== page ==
Flying us to England to witness the reveals of its new Speedmaster and Bobber Black seems an outsized expense for Triumph considering that riding the latest Bonneville line’s variants wasn’t part of the trip. However, the significance of the Modern Classics to Triumphs recent sales successes can’t be overstated: The Bonneville lineup accounts for 25% of the company’s total production.

So, we willingly jumped on a 787 Dreamliner to visit Triumph’s HQ in Hinckley where we saw the unveiling of the new bikes. While there, we were able to speak with several of Triumph’s reps and gain further insight into the company and its products.

Big Sales

If there’s a downturn in the motorcycle market, Triumph is ignoring it. Some 63,400 motorbikes were sold from July 2016 through this past July, a 13% growth over the previous 12 months and the fourth consecutive year of record sales. Triumph touts that it has introduced mind-boggling 15 new models in just the past two years.

2018 Triumph Speedmaster 

In basic terms, the 2018 Speedmaster is a Bobber with beach bars and a dual-seat arrangement. It also receives the new Bobber Black’s dual-disc Brembo front brakes and its footpegs are placed further forward. A 41mm Kayaba cartridge fork replaces the damping-rod 41mm legs of the regular Bobber, and it uses 16-inch wire-spoke wheels. A preload adjuster is added to the underseat shock. Cruise control, ABS and TC are standard, and it is fitted with a 12-liter fuel tank (3.2 gallons), a bit larger than Bobber’s. It uses the same frame but with the addition of subframe to accommodate a pillion. Stay tuned for our ride report from its launch in February, by which time an MSRP will have been announced.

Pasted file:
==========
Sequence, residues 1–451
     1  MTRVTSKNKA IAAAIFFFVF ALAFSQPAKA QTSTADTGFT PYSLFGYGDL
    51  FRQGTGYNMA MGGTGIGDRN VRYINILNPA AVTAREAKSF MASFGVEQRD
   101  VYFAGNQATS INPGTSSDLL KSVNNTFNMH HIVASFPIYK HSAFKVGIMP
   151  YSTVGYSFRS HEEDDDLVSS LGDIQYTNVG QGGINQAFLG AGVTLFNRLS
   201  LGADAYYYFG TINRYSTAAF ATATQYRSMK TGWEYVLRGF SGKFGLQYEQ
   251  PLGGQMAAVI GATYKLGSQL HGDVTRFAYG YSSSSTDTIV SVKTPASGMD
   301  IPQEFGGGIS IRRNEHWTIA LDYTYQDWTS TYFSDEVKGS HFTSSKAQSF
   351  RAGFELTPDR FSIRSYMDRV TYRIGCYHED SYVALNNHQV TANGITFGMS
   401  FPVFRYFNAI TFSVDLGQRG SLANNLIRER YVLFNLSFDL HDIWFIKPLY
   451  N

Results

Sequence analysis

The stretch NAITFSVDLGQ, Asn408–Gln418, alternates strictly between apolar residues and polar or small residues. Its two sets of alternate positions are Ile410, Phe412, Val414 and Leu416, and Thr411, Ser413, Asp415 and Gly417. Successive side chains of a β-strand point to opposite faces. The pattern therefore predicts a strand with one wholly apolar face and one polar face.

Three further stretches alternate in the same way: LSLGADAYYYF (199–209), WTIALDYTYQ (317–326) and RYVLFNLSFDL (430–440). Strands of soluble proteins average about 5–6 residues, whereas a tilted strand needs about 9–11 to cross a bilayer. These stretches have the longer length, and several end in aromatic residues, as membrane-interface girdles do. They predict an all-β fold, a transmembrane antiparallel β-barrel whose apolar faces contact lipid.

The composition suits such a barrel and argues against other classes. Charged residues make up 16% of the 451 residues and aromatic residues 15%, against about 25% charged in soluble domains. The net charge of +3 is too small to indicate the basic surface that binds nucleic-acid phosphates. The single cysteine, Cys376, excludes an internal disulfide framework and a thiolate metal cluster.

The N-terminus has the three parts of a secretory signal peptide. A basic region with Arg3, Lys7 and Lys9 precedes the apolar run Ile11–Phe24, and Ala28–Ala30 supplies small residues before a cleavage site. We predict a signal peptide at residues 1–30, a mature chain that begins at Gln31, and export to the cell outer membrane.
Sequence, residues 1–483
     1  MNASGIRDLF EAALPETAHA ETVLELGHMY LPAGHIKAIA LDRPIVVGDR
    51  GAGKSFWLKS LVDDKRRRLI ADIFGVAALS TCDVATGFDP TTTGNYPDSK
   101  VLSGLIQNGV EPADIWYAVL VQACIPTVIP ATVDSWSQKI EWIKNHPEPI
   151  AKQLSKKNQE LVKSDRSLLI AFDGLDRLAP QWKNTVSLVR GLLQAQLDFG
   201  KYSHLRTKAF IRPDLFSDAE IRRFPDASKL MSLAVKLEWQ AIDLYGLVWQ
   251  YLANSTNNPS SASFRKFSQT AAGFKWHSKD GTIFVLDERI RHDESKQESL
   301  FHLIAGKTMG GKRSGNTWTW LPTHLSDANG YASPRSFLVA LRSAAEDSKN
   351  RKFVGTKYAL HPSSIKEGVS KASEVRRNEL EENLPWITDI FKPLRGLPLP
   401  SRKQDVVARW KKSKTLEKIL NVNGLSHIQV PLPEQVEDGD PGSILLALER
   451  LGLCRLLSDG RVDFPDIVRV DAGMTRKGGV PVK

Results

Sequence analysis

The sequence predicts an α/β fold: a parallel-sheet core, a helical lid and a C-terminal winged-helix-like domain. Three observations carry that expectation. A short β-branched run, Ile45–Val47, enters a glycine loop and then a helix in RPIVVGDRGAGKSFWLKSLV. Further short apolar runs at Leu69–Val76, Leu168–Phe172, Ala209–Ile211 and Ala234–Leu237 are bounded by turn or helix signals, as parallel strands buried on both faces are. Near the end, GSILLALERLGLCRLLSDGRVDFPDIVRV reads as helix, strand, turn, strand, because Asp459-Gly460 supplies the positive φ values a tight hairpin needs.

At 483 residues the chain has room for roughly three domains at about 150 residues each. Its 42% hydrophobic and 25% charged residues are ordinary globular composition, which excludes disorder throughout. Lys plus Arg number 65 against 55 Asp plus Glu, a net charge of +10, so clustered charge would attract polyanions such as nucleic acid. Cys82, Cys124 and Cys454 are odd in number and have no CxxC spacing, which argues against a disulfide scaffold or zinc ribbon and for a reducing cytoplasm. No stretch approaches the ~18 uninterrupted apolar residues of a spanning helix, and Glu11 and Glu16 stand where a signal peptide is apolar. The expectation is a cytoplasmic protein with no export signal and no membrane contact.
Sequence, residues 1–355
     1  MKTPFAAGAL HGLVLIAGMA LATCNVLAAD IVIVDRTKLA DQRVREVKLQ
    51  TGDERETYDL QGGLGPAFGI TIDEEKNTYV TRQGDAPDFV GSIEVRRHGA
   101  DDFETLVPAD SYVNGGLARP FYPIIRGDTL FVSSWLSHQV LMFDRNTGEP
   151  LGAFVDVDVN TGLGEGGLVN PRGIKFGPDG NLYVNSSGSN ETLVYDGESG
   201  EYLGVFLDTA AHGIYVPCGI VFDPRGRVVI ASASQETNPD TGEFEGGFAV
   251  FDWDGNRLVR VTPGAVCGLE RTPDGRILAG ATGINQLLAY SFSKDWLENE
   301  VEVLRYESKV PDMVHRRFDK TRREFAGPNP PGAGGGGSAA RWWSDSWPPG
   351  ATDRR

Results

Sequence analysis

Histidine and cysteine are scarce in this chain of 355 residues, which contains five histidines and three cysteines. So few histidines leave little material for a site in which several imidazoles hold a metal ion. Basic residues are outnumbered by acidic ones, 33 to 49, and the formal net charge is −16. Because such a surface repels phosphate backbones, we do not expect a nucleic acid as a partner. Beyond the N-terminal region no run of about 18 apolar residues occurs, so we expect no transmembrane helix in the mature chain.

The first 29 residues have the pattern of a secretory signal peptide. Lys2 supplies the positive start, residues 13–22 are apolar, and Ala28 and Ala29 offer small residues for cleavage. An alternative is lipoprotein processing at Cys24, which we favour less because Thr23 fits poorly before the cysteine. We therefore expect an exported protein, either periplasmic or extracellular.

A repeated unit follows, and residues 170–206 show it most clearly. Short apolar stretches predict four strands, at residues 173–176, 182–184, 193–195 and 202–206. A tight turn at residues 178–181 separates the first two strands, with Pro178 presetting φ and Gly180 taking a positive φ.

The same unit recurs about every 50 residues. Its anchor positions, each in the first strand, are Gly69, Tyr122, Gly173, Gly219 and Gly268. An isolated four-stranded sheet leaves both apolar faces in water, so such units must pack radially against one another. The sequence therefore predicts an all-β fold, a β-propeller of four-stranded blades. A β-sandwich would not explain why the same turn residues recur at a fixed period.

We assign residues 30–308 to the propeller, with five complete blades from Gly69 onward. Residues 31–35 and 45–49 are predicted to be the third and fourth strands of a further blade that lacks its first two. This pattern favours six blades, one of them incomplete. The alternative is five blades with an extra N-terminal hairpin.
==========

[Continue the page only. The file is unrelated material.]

2018 Triumph Bonneville Speedmaster Revealed

Actor Luke Evans aboard the new Speedmaster.

2018 Triumph Bobber Black

This new Black version toughens up the Bobber’s stripped-down appearance with a fat 16-inch front tire (19-inch on original Bobber), dual-disc Brembo front brakes, a larger-diameter (47mm) Showa cartridge fork (vs. 41mm non-cartridge Kayaba) and blacked-out finishes. Cruise control is now standard equipment, as are Road/Rain ride modes, ABS and TC. It’s nearly 20 pounds heavier due to fatter wheels, tires, fork and its additional front brake. It will cost more than the regular Bobber ($11,900), but no MSRP is yet set. Expect a ride report from us in December.

The new Bobber Black is a butcher version of the successful Bobber.

2018 Triumph Bonneville Bobber Black Revealed

Quick Sales

The Bobber has been Triumph’s fastest-selling motorcycle in its long history, with more per-month registrations since its emergence at dealers this spring than any other Triumph ever. More than 6100 have been sold worldwide to date, and we like to think we helped play a part in the Bobber’s success by awarding it our Best Cruiser of 2017 in our annual MOBOs. More than 2000 of them were sold in the U.S., amounting to about one-third of production.